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Please aflow at least 48 bom before 
puhbcniioa. 


Bui blpwd are your nrc for Uiry Wr 
and your -in', for inrv hear. 

SI Matthew 13: 16 


BIRTHS 


CANNON - On September 7th. to 
ShrUflh (nee Tinnei and Smart, a 
son. Edward Jonathan Godfrey, a 
brother for Charles and Andrew, 
who sadly lived for one day. 

AMMDCLL - On 8th September, to 
Jane mfe Unwin) and Rfcftara. a 
daughter. Isabel. 

COLERIDGE - On September 4th, at 
the Portland Hospital. London, to 
Cayl utfe Crove-Palrow) and 
Nicholas, a danatwer. Laura cwire 
May. a sister for Matthew. 

DAGNALL - On Sep«»r*er 9th. to 
Anna and Andrew, a son. 

FOSTER - On September 9th. in 
Shrewsbury, to Julia frrte HflU and 
Edward, a dauswer. Kitty Ann. 
GROOM - On 7th September, at Queen 
Mary's. Roehamplon to QDy tBee 
Payne) and lan. a son, Matthew 
Charm. 

jEFFEMS - On the 318* August to 
Gbrie and MichaeL a son. Alexander 
Daniel Luden. 

lEVOffS ■ On 22nd AugusL to Mark 
and Susan in New York, a daughter. 
Kanina AfflJharad. 

I ft MONT - on em September, to 
tn^ ttmpWU andDmuid^ 
son. tan Alexander, a bnniw tor 
Louise. __ 

LEIGH • On August 
to Fiona urn ShwriiaridRotkn. a 
son. Josron Edward LennWfc 

PCARSONOnSthS^ndWtoLo^ 

r$a (nee Forman) arelCm««Ptter a 
dauabler Eleanor Alexandra »»e. " 
surer for Oenwiline and Lotus. 


HOC ■ On September 4th. to Alex (nde 
Levinson) and John, a son. Timothy 
James. 

STANLEY PRICE - On September 4tt». 
in Cambridge, to Karen <n£e Bed) and 
Mark, a d aughter. Tessa Angela. 

STEPHENS - on September 9th In Met* 
bourne, lo Pamela U>ee Mantuan) 
and Richard, a son. Edward MichaeL 
a brother for Catherine and Joseph. 

THOMAS - On 8th September, at 1614 
lux to Cwen and Tony, a son. James 
Paul, at Ashford Hospital. Middlesex. 

THOMAS - on September 7th. to 
Bonnie tnte ClBinlndbara) and 
Osvld. twins. Charles Jarttow and 
Caroline Mary. 

WOODS - On Septe mb er 6m. at St 
Thomas' Hospital to Qradta <n4e 
SuffieW) and OavM. a daughter. 
Sondrlne Rosemary, 


MARRIAGES 

YOUNG : JONES - The marriage took 
place on 6th September. 1986 at St 
Peter's Church. Horsham, between 
Mr Paul Yoong. sod or Mr Michael 
Young and Mrs 8 Hancock of Lam 
don. and Mte EUzabeth Jones, 
daughter or Mrs Margaret Jones and 
the late Mr O D Jones or Weybrfdge. 


DEATHS 

ATTER. Ethel May - On September 
8th. peacefully bi a nursing home hi 
Poole. Dorset, and formerly of 
Creenford. Middlesex. Funeral Ser-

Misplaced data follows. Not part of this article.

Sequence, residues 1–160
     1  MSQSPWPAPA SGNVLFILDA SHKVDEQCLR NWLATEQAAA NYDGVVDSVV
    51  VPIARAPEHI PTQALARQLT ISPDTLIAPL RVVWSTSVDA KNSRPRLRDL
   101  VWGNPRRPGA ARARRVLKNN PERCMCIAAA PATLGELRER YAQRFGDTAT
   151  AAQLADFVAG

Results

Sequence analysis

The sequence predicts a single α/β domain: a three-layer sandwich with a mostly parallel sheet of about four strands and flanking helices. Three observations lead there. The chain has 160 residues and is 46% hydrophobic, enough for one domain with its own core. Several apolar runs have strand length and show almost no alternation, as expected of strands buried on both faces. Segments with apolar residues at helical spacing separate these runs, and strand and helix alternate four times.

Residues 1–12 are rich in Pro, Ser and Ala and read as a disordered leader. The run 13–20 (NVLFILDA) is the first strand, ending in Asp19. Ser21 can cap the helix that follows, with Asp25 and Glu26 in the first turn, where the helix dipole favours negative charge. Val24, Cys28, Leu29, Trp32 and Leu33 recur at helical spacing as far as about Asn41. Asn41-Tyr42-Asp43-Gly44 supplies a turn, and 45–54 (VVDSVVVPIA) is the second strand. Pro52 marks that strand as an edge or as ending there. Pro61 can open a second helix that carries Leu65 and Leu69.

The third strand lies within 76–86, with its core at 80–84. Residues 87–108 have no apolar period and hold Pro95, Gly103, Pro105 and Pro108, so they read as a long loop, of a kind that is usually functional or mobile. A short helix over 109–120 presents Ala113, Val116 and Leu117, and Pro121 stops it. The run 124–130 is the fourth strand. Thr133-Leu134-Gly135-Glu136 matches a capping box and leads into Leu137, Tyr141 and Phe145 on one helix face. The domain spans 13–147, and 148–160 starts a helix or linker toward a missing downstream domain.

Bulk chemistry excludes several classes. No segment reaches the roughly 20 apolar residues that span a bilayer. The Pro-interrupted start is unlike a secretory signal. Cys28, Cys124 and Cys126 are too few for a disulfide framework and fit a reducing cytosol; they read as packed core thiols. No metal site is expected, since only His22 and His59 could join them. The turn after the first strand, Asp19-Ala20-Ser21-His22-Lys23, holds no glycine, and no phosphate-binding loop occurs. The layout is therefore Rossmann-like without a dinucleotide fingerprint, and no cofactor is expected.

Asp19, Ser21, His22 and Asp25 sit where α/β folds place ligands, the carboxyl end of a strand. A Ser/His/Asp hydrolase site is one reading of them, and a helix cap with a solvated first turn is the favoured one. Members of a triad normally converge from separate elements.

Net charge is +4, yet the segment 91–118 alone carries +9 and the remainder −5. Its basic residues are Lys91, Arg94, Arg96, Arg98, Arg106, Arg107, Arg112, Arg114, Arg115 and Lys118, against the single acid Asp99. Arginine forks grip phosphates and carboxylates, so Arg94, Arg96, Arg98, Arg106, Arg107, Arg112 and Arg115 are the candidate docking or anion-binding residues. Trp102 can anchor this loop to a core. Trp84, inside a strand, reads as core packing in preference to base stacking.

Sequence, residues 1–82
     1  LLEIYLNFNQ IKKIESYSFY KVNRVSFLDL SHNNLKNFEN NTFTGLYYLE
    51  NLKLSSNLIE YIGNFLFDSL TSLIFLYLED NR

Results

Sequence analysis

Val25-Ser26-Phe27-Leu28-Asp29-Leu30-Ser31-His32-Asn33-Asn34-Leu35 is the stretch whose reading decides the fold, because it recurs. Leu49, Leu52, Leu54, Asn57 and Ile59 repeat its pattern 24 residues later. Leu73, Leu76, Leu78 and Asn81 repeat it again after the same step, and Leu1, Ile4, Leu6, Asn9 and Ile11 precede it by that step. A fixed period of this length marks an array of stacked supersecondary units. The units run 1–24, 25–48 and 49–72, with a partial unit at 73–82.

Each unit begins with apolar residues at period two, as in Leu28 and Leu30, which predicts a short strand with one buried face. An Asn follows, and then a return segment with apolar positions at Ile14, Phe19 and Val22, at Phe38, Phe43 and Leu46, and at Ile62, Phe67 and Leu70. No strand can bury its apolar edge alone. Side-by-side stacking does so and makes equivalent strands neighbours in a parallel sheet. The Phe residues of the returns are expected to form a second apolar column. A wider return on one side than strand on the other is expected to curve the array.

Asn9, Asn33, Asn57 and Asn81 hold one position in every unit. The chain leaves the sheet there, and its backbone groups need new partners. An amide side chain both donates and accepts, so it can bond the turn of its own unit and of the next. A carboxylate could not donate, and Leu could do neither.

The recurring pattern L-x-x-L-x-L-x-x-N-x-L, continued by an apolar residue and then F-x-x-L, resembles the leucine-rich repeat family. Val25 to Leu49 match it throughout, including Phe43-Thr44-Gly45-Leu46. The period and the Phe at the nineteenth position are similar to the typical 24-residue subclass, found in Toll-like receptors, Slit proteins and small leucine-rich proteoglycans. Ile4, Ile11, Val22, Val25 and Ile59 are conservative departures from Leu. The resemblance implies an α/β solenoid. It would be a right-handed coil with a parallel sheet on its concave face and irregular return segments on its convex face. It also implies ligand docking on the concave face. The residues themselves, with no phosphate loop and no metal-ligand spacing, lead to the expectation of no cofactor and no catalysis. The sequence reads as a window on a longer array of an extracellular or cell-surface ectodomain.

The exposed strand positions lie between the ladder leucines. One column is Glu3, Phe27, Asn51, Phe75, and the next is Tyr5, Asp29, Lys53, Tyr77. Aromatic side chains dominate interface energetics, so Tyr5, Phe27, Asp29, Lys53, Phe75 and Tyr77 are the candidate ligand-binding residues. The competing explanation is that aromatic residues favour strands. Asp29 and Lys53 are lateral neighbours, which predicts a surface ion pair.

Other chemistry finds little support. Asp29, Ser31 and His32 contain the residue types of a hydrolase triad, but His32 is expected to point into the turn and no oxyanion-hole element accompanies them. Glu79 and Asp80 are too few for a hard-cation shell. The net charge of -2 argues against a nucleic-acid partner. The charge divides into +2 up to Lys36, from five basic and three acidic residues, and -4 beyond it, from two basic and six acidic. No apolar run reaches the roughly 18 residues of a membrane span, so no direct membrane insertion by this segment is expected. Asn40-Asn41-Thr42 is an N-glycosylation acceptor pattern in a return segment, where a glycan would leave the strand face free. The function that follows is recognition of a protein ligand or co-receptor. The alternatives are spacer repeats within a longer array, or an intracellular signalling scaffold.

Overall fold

vice in Bournemouth on Friday. 
Flowers to Alfred H. Griffin. 6 
Ounyeats Road. Broadsune. Dorset. 
MUY . On August 25th. 1986. 
peacefully at home. Dr Robert 
Hayward Bafley. husband o f 
Barbara, of Freeport. Grand Bahama 
Island, formerly or Acton and Ealing. 

Date or Memorial Service in London 

to tie announced later. Letters c/o 
Roger H Bailey. 49 QuKtowpod. 
L ondon NWS 3SA. 

BAITEY, Norman - (hi September 9th. 
toed 61. peacefully at Brighton ^ter 
a two year battle against cancer, 
borne with great courage. Beloved 
husband of Arm and youngest son or 
the late James and -bandta. ot 
waBsend: much loved brother and 
unde. Donations, if desired, lo 
Cancer Research. 

RASM - On September 7th. 1986. aged 
75. to France. MarceDe. malty 
loved mother of Dtanc Lever. Claude 
Oam». Ctola Attfo and Rita Wilkes. 
Funeral Service on Thursday. Sep- 
tember lira, at 3.00pm. CtmeUere 
braebte Verrter. Geneva. 

■ULL - On September 9th 1986. sud- 
denly bid peacefully, al home after a 
long lUness resolutely foughL Sir 
George. Third Baronet, aged 80. 
Beloved husband or Gabrietfc and 
much loved father ot stmean and 
Charlotte, grandfather of Jacquebne- 
Heaer. Jemima. Stephen. Loveday. 
Sophia- Ann and great grandfottier of 
Patrick Anthony Funeral Senire at 
St Peter's. Hammersmllh. on Thurs- 
day. September lBlh. at 2pm.' 
Hitherto Hath the Lord Helped Usr. 
■UTTER - On September nth. Jean 
Marie, elder daughlH- of the laic 
Colonel and Mrs Charles Butter, of 
Pitlochry and much loved skier of 
David and Margaret, peacefully in St 
Joseph's Hospital. Pori EUzabeth. af- 
ter a short IDneos- Please no fetters. 


■OWLRY - On 9th September. 1986. 
peacefully at home la London, after a 
tong fUnesa. borne with great 
courage: Angela Margaret Bowpjy. 
CV.O.. MAE. Elder daughter of the 
late Hugh and Christian Bowfhy and 
beloved skter of Daptme Watson. 
Cremation private- No Rowers 
please, but donations could be sent to 
the Imperial Cancer Research Fund. 
Date of Thanksatvtng Service to be 
announced later. 

CQUHCS - On O ep tera ber SOv. in 
Wichita Fans. Texas. Pearle. beloved 
wtte of Dr Paul Collins, mother of 
Ann and Greg: mourned by her 
devoted friends over here.